About a month ago, we posted an article about Ghann’s Cricket Farm being the first U.S. commercial cricket farm to begin breeding Gryllodes sigillatus, the banded cricket.  We now have word that Mulberry Farms (California) is also switching to banded crickets and will be slowly discontinuing the sale of brown house crickets.  They also plan to discontinue sales of another cricket species that they previously sold as “black crickets”.

Mulberry Farms is known for providing a wide assortment of insects including less common feeders such as silkworms, hornworms, roaches, and butterfly larvae.  It is not  a surprise that they are jumping on board with this cricket strain.  They recently posted the following update on their website:

“We are now offering a strain of hardy, wingless cricket we are excited about.  While we may still occasionally offer the brown house cricket in pin-3wk size, we are no longer carrying the “black” cricket we have offered in the past, and it is our hope that you will be more satisfied overall with this cricket strain.  Please Note:  These crickets may not grow quite as uniformly as some other cricket strains, so there may be more variance in size within the size category you order than you are used to seeing (for example, if you order 4 wk crickets, the vast majority of the 4 week will be approx. 4 week size, but there may be some percentage of smaller and larger crickets as well.  (Don’t worry, we sell by weight, plus overcount, so rest assured you are getting what you pay for and then some.)  As always, we welcome your feedback!]”

We expect that several other cricket farms in the U.S will follow because of the perceived profitability of the banded crickets and their success in the European pet industry.

Follow us on Facebook to stay up to date on the new banded crickets and other news updates in the feeder industry.  For more information regarding banded crickets, refer back to our original post.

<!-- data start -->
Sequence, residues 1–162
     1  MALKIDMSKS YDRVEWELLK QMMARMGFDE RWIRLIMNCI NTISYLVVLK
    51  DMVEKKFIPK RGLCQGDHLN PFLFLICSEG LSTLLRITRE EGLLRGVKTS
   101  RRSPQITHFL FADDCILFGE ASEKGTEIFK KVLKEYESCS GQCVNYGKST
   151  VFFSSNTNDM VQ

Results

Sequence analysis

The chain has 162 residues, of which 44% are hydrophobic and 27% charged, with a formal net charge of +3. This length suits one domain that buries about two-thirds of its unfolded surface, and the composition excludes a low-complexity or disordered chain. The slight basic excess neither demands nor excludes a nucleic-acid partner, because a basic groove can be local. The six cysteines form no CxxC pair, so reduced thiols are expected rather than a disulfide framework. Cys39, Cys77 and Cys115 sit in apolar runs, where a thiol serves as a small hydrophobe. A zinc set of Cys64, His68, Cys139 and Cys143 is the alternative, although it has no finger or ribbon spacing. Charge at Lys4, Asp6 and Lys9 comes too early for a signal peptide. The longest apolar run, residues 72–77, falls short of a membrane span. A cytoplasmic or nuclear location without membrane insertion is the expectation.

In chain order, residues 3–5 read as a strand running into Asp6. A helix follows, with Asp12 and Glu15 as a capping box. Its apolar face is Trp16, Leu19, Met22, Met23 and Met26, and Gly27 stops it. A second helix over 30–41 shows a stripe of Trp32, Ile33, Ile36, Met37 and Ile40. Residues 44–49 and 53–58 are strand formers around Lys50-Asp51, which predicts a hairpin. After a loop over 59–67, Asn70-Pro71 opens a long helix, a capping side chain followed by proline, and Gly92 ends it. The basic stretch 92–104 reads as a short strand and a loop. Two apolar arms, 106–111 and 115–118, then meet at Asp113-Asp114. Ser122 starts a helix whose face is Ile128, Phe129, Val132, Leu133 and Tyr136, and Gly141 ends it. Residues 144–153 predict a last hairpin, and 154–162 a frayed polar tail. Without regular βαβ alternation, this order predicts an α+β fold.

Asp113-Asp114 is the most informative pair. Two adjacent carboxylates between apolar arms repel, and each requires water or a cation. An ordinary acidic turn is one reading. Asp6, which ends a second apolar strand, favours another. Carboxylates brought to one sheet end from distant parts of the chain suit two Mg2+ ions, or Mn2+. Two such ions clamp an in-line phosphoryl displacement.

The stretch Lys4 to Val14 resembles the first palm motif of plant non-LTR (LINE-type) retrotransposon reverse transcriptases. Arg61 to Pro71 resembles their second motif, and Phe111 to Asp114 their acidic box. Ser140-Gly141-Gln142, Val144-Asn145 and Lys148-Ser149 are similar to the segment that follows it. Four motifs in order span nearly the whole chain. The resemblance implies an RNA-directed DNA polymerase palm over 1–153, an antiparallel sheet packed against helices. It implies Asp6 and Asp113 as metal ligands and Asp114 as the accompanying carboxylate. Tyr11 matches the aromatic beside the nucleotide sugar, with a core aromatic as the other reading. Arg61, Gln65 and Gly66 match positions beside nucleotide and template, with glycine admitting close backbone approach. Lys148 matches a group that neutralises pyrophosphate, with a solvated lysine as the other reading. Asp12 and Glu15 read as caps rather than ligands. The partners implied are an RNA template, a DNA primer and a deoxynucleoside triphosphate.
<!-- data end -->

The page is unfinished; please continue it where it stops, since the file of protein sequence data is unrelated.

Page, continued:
It has been a while now since the cricket densovirus first infected North America after wreaking havoc all across Europe. When the calamity struck last year, many of the largest cricket farms in the U.S. were wiped out and forced to go out of business.  Because Acheta domesticus crickets were the only species affected by the virus, other more resilient cricket farms attempted to switch to breeding different species.  Gryllus assimilis, Jamaican field crickets, became the overwhelmingly popular replacement. Some places labeled these “super crickets”.  Ghann’s Cricket Farm was one of the greatest proponents of the Jamaican field cricket as a new feeder cricket to replace Acheta domesticus.  Now, over a year since Ghann’s first began breeding Gryllus assimilis, they have given us an exciting announcement.

NEWS – September 11, 2012!

Ghann’s Cricket Farm will be the first U.S major supplier of the tropical house cricket / banded cricket, Gryllodes sigillatus, and they will discontinue breeding and selling Gryllus assimilis.  As it turns out, they determined that the Jamaican field cricket is not commercially viable.  The breeding process is slower, more costly, and they were unable to make a sufficient profit. The new tropical banded crickets have been popular feeders for quite some time in the United Kingdom and the commercial industry apparently does very well with them.

banded crickets

Gryllodes sigillatus (banded crickets / tropical house crickets)

What do you need to know about the new crickets?

*They are currently available from Ghann’s in small quantities and will soon be the only species sold via Ghann’s.  It is very possible that other cricket farms in the U.S. will follow.

*They are smaller than other species of crickets but tend to be packaged in larger quantities.

*They are very good climbers which makes them an especially fine choice for arboreal pets.

*They tend to be faster than other cricket species, making them ideal live food for animals that enjoy the chase.

As more information comes out, we will keep you updated about these crickets and any other species that may become available in the United States or Canada. Currently, Europe has a much wider selection of commercial feeder crickets than we do here in North America.  Hopefully this will be changing soon.